You don’t have to fritter away a fortune on a new bathroom. Our experts reveal their 10 insider tips for getting a beautiful bathing space while keeping expenses in check. After all, solid gold faucets, a walk-in rain shower and a whirlpool tub are optional.
1. Plan a Sensible Layout
If you want to avoid expensive mistakes, getting the floor plan right is rule No. 1.
“Ask your [bathroom pro] for suggestions and opinions as to what might work before you get your heart set on a layout, product or idea that can’t be realized — either at all or within a sensible budget,” Justin Wedgbury of Flush Fitting says. “I’ve been to houses where people have bought shower enclosures that totally dominate a room and leave tiny spaces to sidestep around, or devised a layout that means the door hits the basin when opened.
“When visiting a showroom, take pictures of your space as well as the measurements,” he adds. “The bathroom isn’t always an easy or straightforward room to buy for.”
Find a local bathroom designer on Houzz
2. Try Not to Move the Plumbing
Related to rule No. 1, rearranging the pipes can be pricey and is often unnecessary, so it helps to avoid it if possible.
“Changing the layout of the room entirely, or even marginally, to accommodate plumbing in different areas of the room could significantly raise the cost of a renovation, especially when considering installation costs,” Raj Ghaly of BathroomsByDesign says. “So it’s recommended you try to use existing plumbing and not drastically change the layout of your room.”
4. Specify Clear Goals in a Contract
Avoid a long list of annoying jobs at the end of your project — which will cost extra — by drawing up a clear contract at the start. Know where you stand so that you can budget accordingly.
“Make sure it’s written down by the company or by you and agreed which tasks will be done,” Wedgbury says.
The 4 Potentially Most Expensive Words in Remodeling
5. Tile With Restraint
Unless you’re planning a wet room, you don’t need to cover every inch with tile, Ghaly says. Not only is tiling just part of the room cheaper, both in terms of labor and materials, but also it’s often more practical.
“The advantage of part-tiling is that the bathroom becomes much more flexible,” he says. “For example, you can paint the rest of the walls, which means the bathroom can be redesigned more easily in the future, using different colors.
“Hanging pictures on bathroom walls is also becoming popular, and part-tiling gives you this option,” he adds.
When it comes to tile prices, Ghaly says, ceramic tiles are generally cheaper. “Imitation tiles — marble-look, for example — can be inexpensive yet will give your bathroom a similar luxury look and feel like the real thing.”
Shop for bathroom tile on Houzz
7. Ditch the Tub
Forgoing the bathtub isn’t for everyone, but if you tend not to take long soaks, it could be a money-saving option.
“We’ve noticed more customers opting for showers rather than baths, and this can not only bring down the initial … outlay, but [also] lower running costs long-term due to greater energy efficiency,” Ghaly says.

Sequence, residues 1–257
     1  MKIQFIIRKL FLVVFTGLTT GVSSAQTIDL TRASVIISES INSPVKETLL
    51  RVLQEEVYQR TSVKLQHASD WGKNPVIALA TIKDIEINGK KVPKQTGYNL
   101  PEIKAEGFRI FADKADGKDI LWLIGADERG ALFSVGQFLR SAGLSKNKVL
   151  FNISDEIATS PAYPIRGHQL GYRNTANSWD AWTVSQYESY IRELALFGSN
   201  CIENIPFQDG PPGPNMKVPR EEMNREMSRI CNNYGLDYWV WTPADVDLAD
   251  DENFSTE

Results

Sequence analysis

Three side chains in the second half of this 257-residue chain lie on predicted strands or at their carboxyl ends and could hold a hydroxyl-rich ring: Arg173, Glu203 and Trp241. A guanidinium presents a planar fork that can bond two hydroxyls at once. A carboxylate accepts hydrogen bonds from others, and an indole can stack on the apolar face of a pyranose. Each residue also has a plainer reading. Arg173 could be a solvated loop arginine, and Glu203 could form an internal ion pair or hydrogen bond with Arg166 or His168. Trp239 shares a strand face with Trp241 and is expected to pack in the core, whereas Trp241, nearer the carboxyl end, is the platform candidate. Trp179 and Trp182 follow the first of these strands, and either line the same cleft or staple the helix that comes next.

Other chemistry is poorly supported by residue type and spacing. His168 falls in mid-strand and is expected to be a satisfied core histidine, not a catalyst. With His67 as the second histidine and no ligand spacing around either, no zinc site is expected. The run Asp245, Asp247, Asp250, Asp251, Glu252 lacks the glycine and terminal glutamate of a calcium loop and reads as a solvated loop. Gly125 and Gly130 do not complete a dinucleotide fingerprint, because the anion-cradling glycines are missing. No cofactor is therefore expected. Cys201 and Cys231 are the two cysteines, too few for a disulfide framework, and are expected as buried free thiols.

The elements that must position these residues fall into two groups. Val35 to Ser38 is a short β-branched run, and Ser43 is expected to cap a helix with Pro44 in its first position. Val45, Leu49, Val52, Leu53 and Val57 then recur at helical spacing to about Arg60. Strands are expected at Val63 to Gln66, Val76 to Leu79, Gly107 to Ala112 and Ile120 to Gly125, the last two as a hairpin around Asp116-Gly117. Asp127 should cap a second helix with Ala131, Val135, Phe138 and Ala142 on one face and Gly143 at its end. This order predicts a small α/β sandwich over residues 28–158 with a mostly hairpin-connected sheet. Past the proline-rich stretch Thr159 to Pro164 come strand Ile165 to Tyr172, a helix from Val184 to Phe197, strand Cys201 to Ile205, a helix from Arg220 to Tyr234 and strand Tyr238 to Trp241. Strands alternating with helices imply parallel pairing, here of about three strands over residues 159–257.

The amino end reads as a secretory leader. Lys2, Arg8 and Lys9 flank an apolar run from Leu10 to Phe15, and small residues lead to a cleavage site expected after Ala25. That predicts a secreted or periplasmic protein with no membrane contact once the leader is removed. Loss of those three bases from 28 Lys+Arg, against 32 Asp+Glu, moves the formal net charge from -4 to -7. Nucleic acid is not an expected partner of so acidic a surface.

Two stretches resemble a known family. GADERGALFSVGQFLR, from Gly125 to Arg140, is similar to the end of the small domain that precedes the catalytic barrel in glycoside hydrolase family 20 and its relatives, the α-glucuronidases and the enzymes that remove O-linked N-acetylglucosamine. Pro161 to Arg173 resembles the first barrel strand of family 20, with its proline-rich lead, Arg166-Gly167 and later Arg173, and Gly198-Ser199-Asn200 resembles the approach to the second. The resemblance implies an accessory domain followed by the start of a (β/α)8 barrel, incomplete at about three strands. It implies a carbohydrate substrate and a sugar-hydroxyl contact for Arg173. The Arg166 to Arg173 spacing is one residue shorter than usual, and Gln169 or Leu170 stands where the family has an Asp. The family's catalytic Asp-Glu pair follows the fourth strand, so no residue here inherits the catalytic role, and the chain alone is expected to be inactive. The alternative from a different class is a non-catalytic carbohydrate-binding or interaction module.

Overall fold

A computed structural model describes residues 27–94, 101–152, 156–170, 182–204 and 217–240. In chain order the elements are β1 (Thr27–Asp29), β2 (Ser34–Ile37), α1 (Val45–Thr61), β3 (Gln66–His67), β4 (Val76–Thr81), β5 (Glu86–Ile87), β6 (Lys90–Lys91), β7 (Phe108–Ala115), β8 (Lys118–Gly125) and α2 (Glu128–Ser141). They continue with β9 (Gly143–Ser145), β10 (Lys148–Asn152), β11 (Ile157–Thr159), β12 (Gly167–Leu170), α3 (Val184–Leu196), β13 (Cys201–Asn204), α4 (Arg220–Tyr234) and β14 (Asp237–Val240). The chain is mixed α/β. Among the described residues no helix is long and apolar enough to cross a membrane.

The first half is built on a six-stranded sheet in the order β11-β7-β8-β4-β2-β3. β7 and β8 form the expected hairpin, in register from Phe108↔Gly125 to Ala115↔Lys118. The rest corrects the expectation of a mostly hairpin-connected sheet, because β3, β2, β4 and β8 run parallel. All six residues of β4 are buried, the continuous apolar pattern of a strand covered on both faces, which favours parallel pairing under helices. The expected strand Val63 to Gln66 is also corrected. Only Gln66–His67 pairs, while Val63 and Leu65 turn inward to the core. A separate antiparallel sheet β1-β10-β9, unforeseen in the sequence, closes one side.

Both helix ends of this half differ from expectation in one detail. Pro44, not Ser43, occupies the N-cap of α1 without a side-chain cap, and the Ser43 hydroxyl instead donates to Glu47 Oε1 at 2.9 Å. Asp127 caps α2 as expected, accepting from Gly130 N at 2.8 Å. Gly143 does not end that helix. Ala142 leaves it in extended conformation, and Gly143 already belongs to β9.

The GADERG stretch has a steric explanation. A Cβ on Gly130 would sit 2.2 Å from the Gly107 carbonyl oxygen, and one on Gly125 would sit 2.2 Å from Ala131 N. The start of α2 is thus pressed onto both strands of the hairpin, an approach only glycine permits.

Before and After: 6 Bathrooms That Said Goodbye to the Tub
8. Look for Sale and Floor Models and Entry-Level Products
Shopping online sales and buying showroom floor models can be great ways to bag a bargain. You may find a stylish sink at one source and a great tub at another.
“You’ll reduce your expenditure by purchasing a product that’s been on display in a showroom but is unlikely to be damaged,” Ghaly says. “Clearance items will also save you a lot. These may include discontinued items, so it’s stock that bathroom retailers need to get rid of and will offer at a reduced price.
“Comparing prices is also advised, but avoid the temptation to compromise,” he continues. “By going for the cheapest deals, you may be sacrificing on the quality of design and service.”
“Also look at the entry-level ranges by quality bathroom manufacturers, as you’ll often get better materials for less money,” Baker adds.
9. Reuse Items Within Reason
Save the decent things, by all means, but if you hang on to every last screw or tub stopper, you’re defeating the purpose of planning a lovely new bathroom.
“Keeping the old ceiling because it’s ‘OK,’ or not having an extractor fan fitted as it costs a bit more, could affect the finished look,” Wedgbury says. “Saving old [faucets] or radiators to put in the new suite won’t help your budget much when the [installer] is having to clean them up or strip them down carefully to remove anyway.”
“Opting for a cheap toilet can lead to problems in the future, due to poor build quality and because flushing performance could be less than optimal,” Ghaly says. Sinks also are worth investing in, he adds, since they need to last without cracking or staining.
10. Consider LED Lights
Lights can get the short shrift in bathrooms, but they make a big difference to the final effect. “Use good-quality LED spotlights for your bathroom,” Baker suggests. “They may cost a little more initially, but you’ll make savings sooner than you think, and you won’t have the inconvenience of constantly changing lightbulbs.”